4. Be enthusiastic. Communicating like there is a gun being held to your head hardly makes for successful online communication in any channel. This is the real-time Web! There are great opportunities to utilise social media correctly! Do it like you really care.

5. Respond to feedback. There is no point in saying you are listening if your behaviour then shows you are prepared to do nothing about it. You have to show what you are prepared to do and why, when you take no action, that is the right thing to do.

6. Show you are human. You may be corporate. You might be a one-man operation. You might even be part of a large conglomerate worth over $7 billion a year (like I found myself part of for a while). If you are not prepared to put a human face to your communications, admit mistakes, explain faults and give well-reasoned arguments for everything.  The only thing you’ll do is manage to alienate your customers.

Social media is still new. Communicating with customers is not though it has always been governed by what has been possible through the channels used for communication. We should expect many more mistakes to be made in the near future but as we learn from each one, the excuses for us getting our social media strategy wrong will, at some point, begin to wear a little thin.

Join The Conversation

  • David Amerland's picture
    Sep 21 Posted 5 years ago David Amerland

    Courtney, thank you for taking the time to reply here and the link to the group. You are quite right that when social media failings of this magnitude are revealed the underlying reasons lie much deeper. In many cases I have seen companies whose managerial style and management structure belong, more properly, to the middle of last century. When they attempt to jump on the social media bandwagon there are always problems because they are simply paying lip-service to another marketing notion they do not understand.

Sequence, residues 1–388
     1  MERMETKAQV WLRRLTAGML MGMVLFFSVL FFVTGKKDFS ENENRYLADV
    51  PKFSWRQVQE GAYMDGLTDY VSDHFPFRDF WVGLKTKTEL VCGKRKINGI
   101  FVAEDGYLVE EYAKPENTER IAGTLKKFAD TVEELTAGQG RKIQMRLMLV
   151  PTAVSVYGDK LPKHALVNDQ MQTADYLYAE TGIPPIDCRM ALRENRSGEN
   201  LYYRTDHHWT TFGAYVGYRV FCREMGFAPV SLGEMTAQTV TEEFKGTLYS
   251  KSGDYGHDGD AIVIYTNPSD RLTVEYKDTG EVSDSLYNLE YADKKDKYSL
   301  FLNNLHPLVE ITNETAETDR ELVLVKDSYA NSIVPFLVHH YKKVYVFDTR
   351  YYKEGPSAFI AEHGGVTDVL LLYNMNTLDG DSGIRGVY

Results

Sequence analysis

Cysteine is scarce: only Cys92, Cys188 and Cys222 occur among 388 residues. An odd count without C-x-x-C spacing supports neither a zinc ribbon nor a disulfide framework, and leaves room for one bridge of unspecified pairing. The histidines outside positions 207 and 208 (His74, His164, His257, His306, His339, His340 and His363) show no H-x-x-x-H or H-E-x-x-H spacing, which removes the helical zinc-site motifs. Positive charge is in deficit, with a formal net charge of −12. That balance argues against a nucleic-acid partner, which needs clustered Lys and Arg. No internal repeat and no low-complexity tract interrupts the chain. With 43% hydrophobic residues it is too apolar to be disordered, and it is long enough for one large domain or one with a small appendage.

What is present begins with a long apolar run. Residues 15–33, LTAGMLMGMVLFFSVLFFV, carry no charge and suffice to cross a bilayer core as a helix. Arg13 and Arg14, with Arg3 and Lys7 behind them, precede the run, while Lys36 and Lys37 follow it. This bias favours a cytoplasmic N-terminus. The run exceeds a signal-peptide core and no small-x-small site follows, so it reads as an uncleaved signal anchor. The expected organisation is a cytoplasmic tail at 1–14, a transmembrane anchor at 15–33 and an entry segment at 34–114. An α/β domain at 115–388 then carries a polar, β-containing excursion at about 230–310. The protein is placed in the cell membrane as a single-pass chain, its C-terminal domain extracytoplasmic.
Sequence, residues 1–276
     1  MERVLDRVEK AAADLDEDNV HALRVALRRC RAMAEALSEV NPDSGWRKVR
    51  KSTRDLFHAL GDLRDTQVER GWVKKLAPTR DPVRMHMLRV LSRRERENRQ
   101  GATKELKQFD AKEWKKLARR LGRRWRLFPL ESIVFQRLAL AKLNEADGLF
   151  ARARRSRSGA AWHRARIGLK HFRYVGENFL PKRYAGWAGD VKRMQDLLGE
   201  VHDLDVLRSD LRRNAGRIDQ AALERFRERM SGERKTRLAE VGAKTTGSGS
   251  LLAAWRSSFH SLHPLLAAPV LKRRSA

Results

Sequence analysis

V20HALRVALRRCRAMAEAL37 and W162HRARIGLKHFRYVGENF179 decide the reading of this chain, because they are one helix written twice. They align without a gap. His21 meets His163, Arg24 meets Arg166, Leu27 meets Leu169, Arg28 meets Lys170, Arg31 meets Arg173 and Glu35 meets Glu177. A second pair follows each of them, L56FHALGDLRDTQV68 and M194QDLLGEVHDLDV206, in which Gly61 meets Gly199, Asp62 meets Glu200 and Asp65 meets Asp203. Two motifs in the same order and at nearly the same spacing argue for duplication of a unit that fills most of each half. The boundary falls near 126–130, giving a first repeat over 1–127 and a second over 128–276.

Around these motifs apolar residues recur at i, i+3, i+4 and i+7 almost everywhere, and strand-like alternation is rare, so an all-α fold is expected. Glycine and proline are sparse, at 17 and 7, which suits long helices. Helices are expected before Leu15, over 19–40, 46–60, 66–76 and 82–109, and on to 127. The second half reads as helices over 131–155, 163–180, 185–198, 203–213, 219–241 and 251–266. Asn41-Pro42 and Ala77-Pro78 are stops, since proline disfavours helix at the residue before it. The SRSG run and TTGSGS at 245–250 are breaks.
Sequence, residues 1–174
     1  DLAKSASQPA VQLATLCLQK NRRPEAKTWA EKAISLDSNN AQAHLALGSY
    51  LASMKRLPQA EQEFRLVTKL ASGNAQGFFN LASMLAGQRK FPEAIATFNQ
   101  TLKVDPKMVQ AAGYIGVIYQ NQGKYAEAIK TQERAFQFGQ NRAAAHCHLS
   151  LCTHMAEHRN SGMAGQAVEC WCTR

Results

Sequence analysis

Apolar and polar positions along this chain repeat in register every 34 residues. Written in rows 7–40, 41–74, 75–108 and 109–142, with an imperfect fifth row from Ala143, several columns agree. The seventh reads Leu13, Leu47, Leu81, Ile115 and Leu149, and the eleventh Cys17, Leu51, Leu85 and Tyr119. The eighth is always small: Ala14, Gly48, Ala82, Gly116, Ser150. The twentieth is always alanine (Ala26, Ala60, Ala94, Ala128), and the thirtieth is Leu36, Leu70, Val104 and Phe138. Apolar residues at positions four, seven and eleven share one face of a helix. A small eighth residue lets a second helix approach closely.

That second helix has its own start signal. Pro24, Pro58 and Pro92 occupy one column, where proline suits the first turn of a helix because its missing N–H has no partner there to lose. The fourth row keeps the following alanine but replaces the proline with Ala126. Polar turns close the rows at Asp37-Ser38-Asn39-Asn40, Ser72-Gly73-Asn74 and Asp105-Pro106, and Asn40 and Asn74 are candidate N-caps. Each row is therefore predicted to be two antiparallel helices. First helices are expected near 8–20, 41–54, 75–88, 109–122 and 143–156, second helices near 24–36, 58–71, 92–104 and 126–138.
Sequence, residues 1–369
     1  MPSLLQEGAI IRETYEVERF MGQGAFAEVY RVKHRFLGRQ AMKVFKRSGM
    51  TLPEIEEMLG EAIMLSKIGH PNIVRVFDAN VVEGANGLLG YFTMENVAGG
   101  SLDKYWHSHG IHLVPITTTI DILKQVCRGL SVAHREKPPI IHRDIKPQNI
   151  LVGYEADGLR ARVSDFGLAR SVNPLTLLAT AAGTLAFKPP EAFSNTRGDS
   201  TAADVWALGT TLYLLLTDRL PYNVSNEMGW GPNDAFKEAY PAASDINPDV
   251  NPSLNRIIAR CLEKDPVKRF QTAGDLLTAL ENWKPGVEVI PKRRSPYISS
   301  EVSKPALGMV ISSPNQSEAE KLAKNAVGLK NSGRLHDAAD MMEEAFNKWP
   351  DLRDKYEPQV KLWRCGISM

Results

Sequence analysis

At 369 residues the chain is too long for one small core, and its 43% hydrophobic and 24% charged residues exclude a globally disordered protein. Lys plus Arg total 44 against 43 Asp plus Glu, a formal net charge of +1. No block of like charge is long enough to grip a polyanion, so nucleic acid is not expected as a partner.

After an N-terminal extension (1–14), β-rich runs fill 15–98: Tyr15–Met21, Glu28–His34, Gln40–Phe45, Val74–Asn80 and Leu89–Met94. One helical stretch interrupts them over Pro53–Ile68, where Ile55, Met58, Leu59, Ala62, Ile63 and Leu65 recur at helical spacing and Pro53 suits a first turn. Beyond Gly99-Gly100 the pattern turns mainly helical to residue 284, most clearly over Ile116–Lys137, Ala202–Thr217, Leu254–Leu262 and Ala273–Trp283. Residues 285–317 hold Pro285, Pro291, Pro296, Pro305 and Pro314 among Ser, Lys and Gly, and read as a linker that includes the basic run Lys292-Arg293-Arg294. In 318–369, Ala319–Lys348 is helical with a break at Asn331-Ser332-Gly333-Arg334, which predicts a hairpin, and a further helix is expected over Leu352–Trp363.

I believe that social media has not even yet began to made much of a dent in this regard. As we see more and more horror stories there will, at some point, be impetus for real change.

  • Courtney Hunt's picture
    Sep 21 Posted 5 years ago Courtney Hunt

    I just shared this piece with the Social Media in Organizations (SMinOrgs) Community via LinkedIn and Twitter. I think Netflix's failings extend well beyond social media, however, and have also started a discussion about the leadership aspects (both individual and organizational) in the LinkedIn group of the Global Center for Digital Era Leadership (GCDEL). I invite folks to join that conversation as we watch this case study - and cautionary tale - unfold. Here's a link to the group:

    Courtney Shelton Hunt, PhD - Founder, Social Media in Organizations (SMinOrgs) Community and Global Center for Digital Era Leadership (GCDEL)

  • David Amerland's picture
    Sep 21 Posted 5 years ago David Amerland

    Bob, it is the nature of journalism to be humbled by readers noticing typos. You are totally right about the gnashing of teeth (add pulling out of hair and kicking oneself, too). I appreciate the message, though. 

  • Sep 20 Posted 5 years ago Clare (not verified)

    Great article.

  • Stacie Walker's picture
    Sep 19 Posted 5 years ago Stacie Walker

    David, this is an awesome article. I received an email from the CEO today about the change and really did not think much about the new name. But then the news spread quickly about the name not being trademarked. What a big whoops! I can not believe a company that huge would not even think about something so simple. It is humbling to know that even big companies can f*ck up.


    Stacie Walker

  • Sep 19 Posted 5 years ago Bob Jeffers (not verified)


    Far be it for me to mention, since I'm lame at spelling, but you had some typos.  But you probably already know that and are gnashing your teeth.


  • Sep 19 Posted 5 years ago Angela Hausman, PhD (not verified)

    Good catch.  I didn't even think about that -- although I certainly check availability before I select a name for myself or my clients.  I had a different take on the whole Netflix disaster, that of poor communication and what that says about the company.  You can read it on Hausman Marketing Letter.